Saturday, 21 May 2016

St Andrews.


This blog is starting to make it look like all I do is visit ruined old churchy-type buildings, but I swear I do more with my life! If you can make it through the next few posts then I'm actually going to be making some changes to the content of my blog, but I'll get into that some other time. Today I wanted to share some pictures of a very chilly day out in St Andrews.


St Andrews is a small town on the east coast of Fife, and it's just beautiful. It's a fairly posh old area, and is famous for two fairly posh things - its historic and extremely well performing university, and for being the 'home of golf'. Basically everything in St Andrews is old... except most of the students, who make up around a third of the population of the town during term time. 


St Andrews University is the oldest in Scotland (founded in 1410), the third oldest in the English-speaking world and currently ranked the third best in the UK after Oxford and Cambridge. It's also where Prince William met Kate Middleton. 

I can imagine going to university in St Andrews would be a very different experience to the one I had getting my degree in the very gritty and grey city of Aberdeen. Not quite so many Friday night fights,  or people passed out in gutters and a lot more money - although I'm sure the extortionate rent prices and the killer seagulls were issues in common. 


Anyone who cares at all about golf will understand probably a lot more than I do why St Andrews is known as the home of golf. Apparently the Royal and Ancient Golf Club located there is the governing body for golf everywhere except the US and Mexico... they like to do their own thing. Then there's the Old Course, seen above, which is one of the oldest courses in the world. It was established in 1552 which is ridiculous, because that means that even after 500-odd years people still haven't realised how boring golf is. Despite this though the Old Course has been home to the Open Championship 29 times, and lots of famous golfers have played it (can you name any golfers other than Tiger Woods and Rory McIlroy? I'm struggling).  



That little bridge is called Swilken Bridge and is iconic within the golfing world. Who knew that it was actually built about 700 years ago to help shepherds herd their flocks across the burn? It's absolutely tiny in real life: 30 feet long, 8 feet wide and 6 feet tall. It's a traditional spot for photos, and while we were there this time we saw some completely random couple just hop the fence and take some pics on it. Can't imagine the people who'd paid hundreds of pounds and been on a ridiculous waiting list in order to play the course were massively impressed with the course-invasion... plus, sidenote: she was taking photos on her iPad. Does it annoy anyone else when people use their iPad as a camera? I had my view of the Mona Lisa blocked by about 50 of them being waved around. Anyway...!




The beach at St Andrews, which is apparently called West Sands Beach, is the setting for the opening scene of Chariots of Fire, where a bunch of athletes run barefoot down the beach at the edge of the water. I can't even imagine how horrendous that must have been to film. The day that we visited was a typical Scottish day, not quite raining but lovely dark clouds everywhere. It was COLD. Having always lived on the East coast of Scotland, I've taken a dip or two in that North Sea water once or twice, only on the hottest days of the year and it has given me mild hypothermia each time. Bless those poor actors.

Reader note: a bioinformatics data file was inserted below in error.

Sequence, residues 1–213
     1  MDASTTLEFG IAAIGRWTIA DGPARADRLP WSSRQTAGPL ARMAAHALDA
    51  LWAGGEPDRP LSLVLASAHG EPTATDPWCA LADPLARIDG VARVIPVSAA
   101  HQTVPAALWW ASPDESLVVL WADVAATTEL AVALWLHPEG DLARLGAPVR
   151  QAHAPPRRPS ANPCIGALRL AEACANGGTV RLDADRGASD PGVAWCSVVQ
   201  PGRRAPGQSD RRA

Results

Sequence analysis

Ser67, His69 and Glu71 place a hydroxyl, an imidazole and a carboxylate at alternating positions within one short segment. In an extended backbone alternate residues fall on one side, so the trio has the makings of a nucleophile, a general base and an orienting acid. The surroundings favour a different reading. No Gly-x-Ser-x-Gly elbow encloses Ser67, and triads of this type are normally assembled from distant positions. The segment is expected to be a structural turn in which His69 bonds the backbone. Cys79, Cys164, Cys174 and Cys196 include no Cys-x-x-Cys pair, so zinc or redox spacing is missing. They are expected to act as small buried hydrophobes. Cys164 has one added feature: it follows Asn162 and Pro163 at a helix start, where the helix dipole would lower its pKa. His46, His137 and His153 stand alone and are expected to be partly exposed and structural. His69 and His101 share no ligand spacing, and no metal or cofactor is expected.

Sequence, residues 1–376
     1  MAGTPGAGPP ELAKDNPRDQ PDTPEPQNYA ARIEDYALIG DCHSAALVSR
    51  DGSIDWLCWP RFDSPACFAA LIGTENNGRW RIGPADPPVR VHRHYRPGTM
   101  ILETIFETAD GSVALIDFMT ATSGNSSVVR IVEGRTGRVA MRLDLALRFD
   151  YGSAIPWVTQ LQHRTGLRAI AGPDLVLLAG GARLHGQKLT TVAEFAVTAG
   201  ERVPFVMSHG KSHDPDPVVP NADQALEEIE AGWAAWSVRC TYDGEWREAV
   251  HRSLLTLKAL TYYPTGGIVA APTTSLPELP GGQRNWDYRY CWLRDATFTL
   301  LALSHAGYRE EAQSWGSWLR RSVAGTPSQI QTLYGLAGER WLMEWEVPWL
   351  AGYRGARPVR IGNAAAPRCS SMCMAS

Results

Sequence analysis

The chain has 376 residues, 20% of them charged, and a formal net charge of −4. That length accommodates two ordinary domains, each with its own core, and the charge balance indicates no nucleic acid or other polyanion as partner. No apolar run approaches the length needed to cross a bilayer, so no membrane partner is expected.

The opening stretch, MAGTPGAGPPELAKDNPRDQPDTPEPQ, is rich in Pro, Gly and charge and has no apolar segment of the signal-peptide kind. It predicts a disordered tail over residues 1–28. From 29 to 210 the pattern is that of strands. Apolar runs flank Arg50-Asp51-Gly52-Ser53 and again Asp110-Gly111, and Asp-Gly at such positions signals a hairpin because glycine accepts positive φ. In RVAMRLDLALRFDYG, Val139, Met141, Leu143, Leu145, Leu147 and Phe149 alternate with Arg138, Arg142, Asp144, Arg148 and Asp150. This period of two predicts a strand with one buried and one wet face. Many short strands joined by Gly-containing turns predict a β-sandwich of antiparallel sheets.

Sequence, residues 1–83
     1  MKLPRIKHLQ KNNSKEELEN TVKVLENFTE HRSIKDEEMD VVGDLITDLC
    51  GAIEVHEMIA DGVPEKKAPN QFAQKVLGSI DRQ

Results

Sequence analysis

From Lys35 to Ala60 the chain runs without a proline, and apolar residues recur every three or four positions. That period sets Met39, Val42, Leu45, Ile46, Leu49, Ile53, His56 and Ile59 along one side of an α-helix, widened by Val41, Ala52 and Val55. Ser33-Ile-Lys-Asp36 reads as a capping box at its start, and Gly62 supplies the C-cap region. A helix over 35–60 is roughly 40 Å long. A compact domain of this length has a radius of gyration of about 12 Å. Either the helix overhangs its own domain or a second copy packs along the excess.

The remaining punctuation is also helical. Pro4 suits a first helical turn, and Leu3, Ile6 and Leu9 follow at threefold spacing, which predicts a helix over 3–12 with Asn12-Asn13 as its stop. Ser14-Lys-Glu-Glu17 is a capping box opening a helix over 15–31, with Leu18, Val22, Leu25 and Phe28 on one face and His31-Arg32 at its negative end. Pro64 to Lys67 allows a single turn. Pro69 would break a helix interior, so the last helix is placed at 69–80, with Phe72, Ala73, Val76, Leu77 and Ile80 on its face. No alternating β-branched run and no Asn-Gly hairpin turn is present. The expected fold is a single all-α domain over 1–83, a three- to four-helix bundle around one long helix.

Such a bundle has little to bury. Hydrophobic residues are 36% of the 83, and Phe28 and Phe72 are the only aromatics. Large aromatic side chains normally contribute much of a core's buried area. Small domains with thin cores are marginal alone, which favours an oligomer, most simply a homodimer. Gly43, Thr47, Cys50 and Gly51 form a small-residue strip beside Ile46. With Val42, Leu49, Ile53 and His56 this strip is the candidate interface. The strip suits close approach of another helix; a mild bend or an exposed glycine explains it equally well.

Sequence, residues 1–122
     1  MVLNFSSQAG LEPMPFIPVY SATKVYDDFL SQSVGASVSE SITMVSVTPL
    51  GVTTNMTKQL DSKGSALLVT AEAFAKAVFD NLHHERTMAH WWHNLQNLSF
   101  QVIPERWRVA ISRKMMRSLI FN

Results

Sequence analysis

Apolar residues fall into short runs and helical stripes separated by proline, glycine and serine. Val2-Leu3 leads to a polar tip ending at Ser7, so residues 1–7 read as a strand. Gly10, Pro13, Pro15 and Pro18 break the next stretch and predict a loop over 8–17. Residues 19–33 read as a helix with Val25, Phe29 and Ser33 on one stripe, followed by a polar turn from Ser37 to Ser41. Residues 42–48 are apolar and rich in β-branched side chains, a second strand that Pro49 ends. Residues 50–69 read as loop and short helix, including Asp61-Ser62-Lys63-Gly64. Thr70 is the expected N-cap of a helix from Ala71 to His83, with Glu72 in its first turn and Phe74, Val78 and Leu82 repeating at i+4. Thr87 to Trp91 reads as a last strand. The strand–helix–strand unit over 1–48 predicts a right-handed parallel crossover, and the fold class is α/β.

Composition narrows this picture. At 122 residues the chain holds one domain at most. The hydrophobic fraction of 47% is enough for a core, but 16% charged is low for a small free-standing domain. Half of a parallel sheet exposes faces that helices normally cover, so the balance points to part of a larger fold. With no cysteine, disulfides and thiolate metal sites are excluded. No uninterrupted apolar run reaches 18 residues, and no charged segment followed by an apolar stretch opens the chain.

It's a beautiful stretch of seaside though, and if you can brave the cold and the wind it's definitely worth a stroll along. However the clouds were darkening so we headed back inland to visit the cathedral.


Despite having been to St Andrews a fair few times I'd never actually visited the cathedral. I know, a ruin I hadn't been to?! Seems unlikely but it's true. Turns out I was missing out on what was the largest church in Scotland. To give you an idea of scale, I took the top of the above two photos while standing in the doorway in the bottom photo. You can see just how long this cathedral would've been, and it's crazy to think how old it is. The actual building of the cathedral took over a century, beginning in 1158 with the west end needing rebuilt in the 1270s after being blown down in a storm. There was also a fire that destroyed part of the cathedral in 1378 leading to further restoration in 1440. The cathedral was Roman Catholic, so following the Scottish reformation, where the country became largely Protestant, the cathedral was abandoned and left to ruin in 1561.



A really interesting feature is the tower that you can see in the centre of the above picture. It is St Rule's Tower, and actually pre-dates the cathedral. It was originally part of an earlier church that apparently housed the bones of St Andrew, the patron saint of Scotland. Nowadays though there are fewer body parts on show, and you can climb the spiral staircase (my nemesis) to get a wonderful view over St Andrews. Probably better on a nicer day, if you manage to find one...!

St Andrews is a great place for a day out. It's peaceful, pretty and relaxed, and there's so much packed into such a small area. After a lovely pub lunch we had to head back to the "big city" but it was so nice to have a chilled out day. 

Have you done any local exploring lately? :) 


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